374 F2d 82 International Nikoh Corporation v. H K Porter Company

374 F.2d 82

H. K. PORTER COMPANY, Inc., Defendant-Appellant.

No. 15364.

United States Court of Appeals Seventh Circuit.

January 5, 1967.

Sydney G. Craig, Chicago, Ill., John H. Morgan, Pittsburgh, Pa., Martin Gross, Chicago, Ill., Martin, Craig, Chester & Sonnenschein, Chicago, Ill., Eckert, Seamans & Cherin, Pittsburgh, Pa., of counsel, for appellant.

Don H. Reuben, Chicago, Ill., Frank Cicero, Jr., Chicago, Ill., Kirkland, Ellis, Hodson, Chaffetz & Masters, Chicago, Ill., of counsel, for appellee.

Before CASTLE, KILEY and CUMMINGS, Circuit Judges.


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This is an appeal by Porter from an order denying a joint motion, by defendants Porter and Lombard, under Fed. R.Civ.P. 60(b)1 for relief from Nikoh's judgment against them. We affirm the court's denial of the joint motion.


The original judgment, from which relief is sought, was entered on October 13, 1964, against Porter for $56,860 — the amount Nikoh paid for a "hot weld pipe mill" used in making pipe less the mill's scrap value of $3,640.2 After the judgment was entered, Porter alone on November 25, 1964, filed the first 60(b) motion, denial of which on January 12, 1965, was approved in International Nikoh Corp. v. H. K. Porter Co., 358 F.2d 284 (7th Cir. 1966). The sale of the mill by Nikoh followed the order of January 12, 1965, and on February 25, 1965, we approved by order the reduction of judgment (by $6,360, the difference between $10,000 for which Nikoh sold the mill after judgment, and the $3,640 scrap value the district court had earlier placed on the mill). The joint motion before us was filed April 15, 1965, and denied August 9, 1965, and Porter alone has appealed. On October 5, 1965, we denied its motion to consolidate this appeal with the pending appeals from the judgment.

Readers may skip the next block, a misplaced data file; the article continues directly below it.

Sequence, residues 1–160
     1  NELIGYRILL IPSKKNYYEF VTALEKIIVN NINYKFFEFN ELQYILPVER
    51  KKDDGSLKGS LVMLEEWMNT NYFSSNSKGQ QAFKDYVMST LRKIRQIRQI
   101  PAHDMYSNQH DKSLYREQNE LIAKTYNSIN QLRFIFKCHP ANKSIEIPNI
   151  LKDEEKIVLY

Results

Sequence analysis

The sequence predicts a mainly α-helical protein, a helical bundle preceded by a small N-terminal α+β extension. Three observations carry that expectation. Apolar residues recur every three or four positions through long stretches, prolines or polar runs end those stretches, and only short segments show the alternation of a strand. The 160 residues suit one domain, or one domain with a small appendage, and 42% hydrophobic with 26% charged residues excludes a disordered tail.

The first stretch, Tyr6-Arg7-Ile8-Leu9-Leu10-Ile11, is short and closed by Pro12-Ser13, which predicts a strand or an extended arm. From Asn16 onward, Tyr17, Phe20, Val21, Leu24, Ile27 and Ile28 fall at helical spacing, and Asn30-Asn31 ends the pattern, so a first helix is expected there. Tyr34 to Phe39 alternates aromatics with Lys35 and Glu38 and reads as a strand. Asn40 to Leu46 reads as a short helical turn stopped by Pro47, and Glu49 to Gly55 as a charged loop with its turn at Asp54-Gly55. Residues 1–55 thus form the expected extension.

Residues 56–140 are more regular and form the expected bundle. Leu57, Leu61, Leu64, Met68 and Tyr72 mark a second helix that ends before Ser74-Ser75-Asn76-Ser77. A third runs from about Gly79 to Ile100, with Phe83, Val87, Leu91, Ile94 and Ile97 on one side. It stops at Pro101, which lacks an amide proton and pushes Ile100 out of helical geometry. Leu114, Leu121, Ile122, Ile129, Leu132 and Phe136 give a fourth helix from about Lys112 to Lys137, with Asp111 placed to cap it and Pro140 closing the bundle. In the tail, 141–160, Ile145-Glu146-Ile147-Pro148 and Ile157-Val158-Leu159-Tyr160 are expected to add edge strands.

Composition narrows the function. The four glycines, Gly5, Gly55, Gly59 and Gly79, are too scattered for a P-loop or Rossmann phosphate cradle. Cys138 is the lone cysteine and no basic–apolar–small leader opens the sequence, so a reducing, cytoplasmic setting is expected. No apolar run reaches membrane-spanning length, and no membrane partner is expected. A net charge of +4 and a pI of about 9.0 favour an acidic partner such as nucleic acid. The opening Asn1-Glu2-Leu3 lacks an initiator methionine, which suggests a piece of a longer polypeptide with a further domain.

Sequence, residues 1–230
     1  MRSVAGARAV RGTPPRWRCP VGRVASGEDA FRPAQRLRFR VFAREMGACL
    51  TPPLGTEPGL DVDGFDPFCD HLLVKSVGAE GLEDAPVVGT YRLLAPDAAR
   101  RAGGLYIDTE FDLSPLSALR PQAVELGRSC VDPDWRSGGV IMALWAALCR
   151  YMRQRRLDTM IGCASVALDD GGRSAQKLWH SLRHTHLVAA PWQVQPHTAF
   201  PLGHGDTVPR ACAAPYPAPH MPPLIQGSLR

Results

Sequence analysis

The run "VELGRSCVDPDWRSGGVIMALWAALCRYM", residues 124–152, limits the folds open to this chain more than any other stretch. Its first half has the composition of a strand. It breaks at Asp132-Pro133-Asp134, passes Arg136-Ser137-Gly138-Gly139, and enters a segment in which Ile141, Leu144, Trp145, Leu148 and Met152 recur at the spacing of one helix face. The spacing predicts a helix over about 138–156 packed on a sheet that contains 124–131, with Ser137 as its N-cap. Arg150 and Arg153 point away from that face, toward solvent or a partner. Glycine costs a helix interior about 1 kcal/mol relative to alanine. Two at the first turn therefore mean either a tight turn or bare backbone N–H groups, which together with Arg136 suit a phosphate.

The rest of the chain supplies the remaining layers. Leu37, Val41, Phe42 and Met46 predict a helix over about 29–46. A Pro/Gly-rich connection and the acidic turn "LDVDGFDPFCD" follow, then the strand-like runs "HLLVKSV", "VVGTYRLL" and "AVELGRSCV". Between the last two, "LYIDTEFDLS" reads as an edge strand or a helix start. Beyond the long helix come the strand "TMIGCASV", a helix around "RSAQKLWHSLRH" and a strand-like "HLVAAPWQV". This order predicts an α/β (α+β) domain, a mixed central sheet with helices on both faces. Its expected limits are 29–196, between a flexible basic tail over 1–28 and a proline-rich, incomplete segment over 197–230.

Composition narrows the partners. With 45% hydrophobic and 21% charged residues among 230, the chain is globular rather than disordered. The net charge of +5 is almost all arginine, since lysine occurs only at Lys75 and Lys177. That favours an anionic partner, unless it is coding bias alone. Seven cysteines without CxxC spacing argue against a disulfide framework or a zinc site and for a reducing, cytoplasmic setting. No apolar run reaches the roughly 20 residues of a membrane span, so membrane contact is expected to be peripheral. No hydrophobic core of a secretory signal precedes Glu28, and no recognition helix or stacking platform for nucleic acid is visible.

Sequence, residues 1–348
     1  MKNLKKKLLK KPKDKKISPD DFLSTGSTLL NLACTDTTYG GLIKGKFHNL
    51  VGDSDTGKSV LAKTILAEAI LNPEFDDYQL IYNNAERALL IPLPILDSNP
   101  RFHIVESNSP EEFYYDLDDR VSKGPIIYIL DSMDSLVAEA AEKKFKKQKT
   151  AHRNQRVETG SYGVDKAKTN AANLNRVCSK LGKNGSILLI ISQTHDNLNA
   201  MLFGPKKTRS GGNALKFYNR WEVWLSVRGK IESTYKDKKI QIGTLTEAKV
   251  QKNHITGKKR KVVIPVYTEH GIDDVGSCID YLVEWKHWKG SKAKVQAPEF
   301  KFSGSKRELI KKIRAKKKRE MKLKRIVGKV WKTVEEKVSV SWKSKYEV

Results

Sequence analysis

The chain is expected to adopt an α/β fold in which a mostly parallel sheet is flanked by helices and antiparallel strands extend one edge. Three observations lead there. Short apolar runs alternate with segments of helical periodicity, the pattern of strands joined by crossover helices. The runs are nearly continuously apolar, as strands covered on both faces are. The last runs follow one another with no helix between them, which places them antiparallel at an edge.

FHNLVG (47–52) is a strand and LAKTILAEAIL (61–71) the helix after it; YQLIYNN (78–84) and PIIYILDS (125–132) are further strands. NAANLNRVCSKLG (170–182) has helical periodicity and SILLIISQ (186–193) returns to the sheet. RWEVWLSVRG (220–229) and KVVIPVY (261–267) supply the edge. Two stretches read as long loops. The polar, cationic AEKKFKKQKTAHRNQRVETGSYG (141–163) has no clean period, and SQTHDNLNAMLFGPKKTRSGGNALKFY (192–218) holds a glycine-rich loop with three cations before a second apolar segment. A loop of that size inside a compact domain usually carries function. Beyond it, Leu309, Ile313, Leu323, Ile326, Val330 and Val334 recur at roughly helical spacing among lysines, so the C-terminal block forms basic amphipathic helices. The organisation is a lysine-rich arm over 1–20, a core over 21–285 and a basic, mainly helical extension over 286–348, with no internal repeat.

The first 60(b) motion by Porter was grounded on allegations that Nikoh's post-judgment conduct in attempting to sell the mill as an operating unit was suggestive of fraud in the light of its testimony at the trial that the mill had only scrap value. The district court ordered depositions taken, and subsequently, in denying the motion, the court considered affidavits of Nikoh's officers, affidavits of prospective purchasers of the mill and Lombard's affidavit, and conducted a "full and extensive hearing."


The second 60(b) motion by Porter and Lombard was grounded on allegations that newly discovered evidence showed the mill had a value in excess of the amount originally paid for it by Nikoh and an allegation of perjury on the part of Nikoh officers Ray and Simborg in their depositions under Porter's original motion.


Nikoh moved to dismiss on the grounds that the newly discovered evidence was not probative of the mill's market value and referred to events after the trial and documents not extant at the time of trial; and that the statement of Howard and his affidavit, and those of Cauffiel and Lombard, did not show perjury and in any event even if true did not bear on the mill's market value.